Jazz fans have pointed out that Fletcher’s favourite anecdote, about a teenage Charlie Parker being driven to genius after drummer Jo Jones threw a cymbal at his head, is false and Johnson only aimed it at his feet. He was trying to mock Parker, not kill him. Perhaps the mistake is indeed Chazelle’s, or perhaps the distortion is meant to give you a glimpse of Fletcher’s madness. The bully needs to reassure himself that bullying works.
The movie seduces us into a twisted value system while reminding us how twisted it is, creating a slippery dual perspective. Andrew’s single dad is either a loving, supportive mensch or a pitiable, ineffectual schmoe. Nicole, the indecisive college student whom Andrew dates, appears to fulfil that classic role in aggressively masculine dramas of the relationship-focussed woman who stands in the way of the man following the dream on which the narrative depends. But she is so sympathetically drawn that we cringe when Andrew disdains her lack of ambition and then dumps her because he absurdly assumes that a relationship is incompatible with musical greatness. In the dinner table scene, it’s funny when he mocks the high-school football heroes (his cousins? I missed the connection) for not being NFL-worthy but it’s also embarrassing and cruel because he thinks anyone who doesn’t have a shot at being the best is risible.
Several times, we are told that Andrew has no friends; he gazes more longingly at his photo of Buddy Rich than he does at any human being. When he risks life and limb to get to his final competition (for his sake, not the band’s), it’s clear he’s lost his mind. Ambition is the worm in Andrew’s soul, a moral corruption that draws him ever closer to a monster and gives him Randian contempt for anyone who doesn’t desire greatness at any cost.
In the bravura final sequence, during which my heart was pounding in double-time, Andrew veers from humilation to triumph. The audience in the cinema last night applauded. Whiplash resembles a sports movie to some extent but, unlike a sports movie, you cannot unambiguously win, so what kind of victory is it really? Andrew doesn’t give a shit about his bandmates (his long solo is pure selfishness) or the audience, only the approval of a brute. And Fletcher doesn’t care either. Is it an enjoyable show for anyone else? We never find out. The movie has reached its inevitable destination as a closed circuit of Andrew, Fletcher and the drumkit. Nothing else matters. Chazelle has said: “Fletcher’s mindset is, ‘If I have 100 students, and 99 of them are, because of my teaching, ultimately discouraged and crushed from ever pushing this art form, but one of them becomes Charlie Parker, it was all worth it.’ That’s not a mentality I share, but in many ways, that’s the story of the movie.”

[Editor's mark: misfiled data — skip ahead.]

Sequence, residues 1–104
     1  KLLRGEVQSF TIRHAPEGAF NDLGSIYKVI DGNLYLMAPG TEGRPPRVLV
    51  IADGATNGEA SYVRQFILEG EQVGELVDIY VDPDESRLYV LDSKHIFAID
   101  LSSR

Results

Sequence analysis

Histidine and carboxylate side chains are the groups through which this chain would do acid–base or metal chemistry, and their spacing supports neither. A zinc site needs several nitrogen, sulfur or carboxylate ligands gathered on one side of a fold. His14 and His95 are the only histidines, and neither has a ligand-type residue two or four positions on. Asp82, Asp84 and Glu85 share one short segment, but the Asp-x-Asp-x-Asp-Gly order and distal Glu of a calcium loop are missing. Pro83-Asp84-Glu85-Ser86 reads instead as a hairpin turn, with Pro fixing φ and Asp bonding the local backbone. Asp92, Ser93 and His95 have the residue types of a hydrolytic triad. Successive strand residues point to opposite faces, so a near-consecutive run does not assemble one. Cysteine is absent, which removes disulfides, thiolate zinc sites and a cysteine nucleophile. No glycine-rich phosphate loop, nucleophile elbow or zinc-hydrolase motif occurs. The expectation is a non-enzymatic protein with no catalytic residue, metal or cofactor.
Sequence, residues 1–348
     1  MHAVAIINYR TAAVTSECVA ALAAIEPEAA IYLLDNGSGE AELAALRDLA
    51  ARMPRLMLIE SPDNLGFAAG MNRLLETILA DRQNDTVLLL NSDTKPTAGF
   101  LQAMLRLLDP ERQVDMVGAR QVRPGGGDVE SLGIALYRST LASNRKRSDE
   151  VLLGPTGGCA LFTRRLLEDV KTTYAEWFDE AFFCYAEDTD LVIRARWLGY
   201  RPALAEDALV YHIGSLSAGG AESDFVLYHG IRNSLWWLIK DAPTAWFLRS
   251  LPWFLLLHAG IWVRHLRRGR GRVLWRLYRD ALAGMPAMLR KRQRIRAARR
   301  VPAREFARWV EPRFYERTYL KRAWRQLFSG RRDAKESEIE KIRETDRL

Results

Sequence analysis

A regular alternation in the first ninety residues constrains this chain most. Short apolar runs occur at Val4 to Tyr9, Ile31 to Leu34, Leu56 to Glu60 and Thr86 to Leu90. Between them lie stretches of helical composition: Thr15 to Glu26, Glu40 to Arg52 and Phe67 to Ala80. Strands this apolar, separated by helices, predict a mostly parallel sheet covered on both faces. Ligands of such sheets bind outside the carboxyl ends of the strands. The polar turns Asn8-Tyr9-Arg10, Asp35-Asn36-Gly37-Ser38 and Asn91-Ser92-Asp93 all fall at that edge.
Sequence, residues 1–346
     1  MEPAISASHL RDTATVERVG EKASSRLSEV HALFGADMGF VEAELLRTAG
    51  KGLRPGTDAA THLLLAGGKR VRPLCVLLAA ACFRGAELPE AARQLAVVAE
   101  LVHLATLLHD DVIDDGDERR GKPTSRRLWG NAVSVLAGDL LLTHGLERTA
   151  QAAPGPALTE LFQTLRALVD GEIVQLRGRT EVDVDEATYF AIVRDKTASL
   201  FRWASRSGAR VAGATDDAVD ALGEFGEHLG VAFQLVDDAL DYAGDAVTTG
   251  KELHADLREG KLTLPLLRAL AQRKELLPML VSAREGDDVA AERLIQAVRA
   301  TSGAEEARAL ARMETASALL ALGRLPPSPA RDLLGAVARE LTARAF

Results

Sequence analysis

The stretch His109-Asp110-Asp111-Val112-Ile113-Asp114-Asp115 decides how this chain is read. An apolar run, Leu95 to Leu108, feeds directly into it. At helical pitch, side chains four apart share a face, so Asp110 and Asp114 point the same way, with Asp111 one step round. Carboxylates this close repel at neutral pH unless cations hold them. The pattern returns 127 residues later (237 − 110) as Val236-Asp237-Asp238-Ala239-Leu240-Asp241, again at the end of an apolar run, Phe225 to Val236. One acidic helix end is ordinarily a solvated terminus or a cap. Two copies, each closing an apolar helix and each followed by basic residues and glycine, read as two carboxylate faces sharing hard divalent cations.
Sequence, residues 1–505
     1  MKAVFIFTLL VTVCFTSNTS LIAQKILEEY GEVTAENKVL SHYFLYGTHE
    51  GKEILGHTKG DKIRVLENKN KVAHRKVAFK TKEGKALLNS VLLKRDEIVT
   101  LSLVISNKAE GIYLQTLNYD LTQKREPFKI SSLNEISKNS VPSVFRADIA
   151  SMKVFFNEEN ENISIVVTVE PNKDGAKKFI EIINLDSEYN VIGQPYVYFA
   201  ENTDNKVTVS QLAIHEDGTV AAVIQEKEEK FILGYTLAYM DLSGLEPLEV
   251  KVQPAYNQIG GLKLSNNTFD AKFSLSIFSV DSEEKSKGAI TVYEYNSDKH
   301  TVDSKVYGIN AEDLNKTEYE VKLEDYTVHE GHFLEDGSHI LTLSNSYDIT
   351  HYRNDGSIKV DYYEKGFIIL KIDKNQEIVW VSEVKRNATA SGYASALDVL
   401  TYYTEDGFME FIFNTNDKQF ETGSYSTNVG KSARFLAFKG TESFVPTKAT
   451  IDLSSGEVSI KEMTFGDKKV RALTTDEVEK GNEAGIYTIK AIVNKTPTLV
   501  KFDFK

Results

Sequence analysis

And so, fully corrupted at last, Andrew has become Michael Corleone closing the door at the end of The Godfather. Two crucial questions are left open for the viewer. Where does he go from here? Fletcher’s icons of achievement, Charlie Parker and his trumpet-playing former protégé, both died young because they had mastered music but not life. And are Fletcher’s standards correct or is Andrew nothing more than a spectacular technician?
For me, neither question has an uplifting answer. Andrew’s tragedy is that would rather be a great musician than a good person. The kicker is that he might not even be a great musician.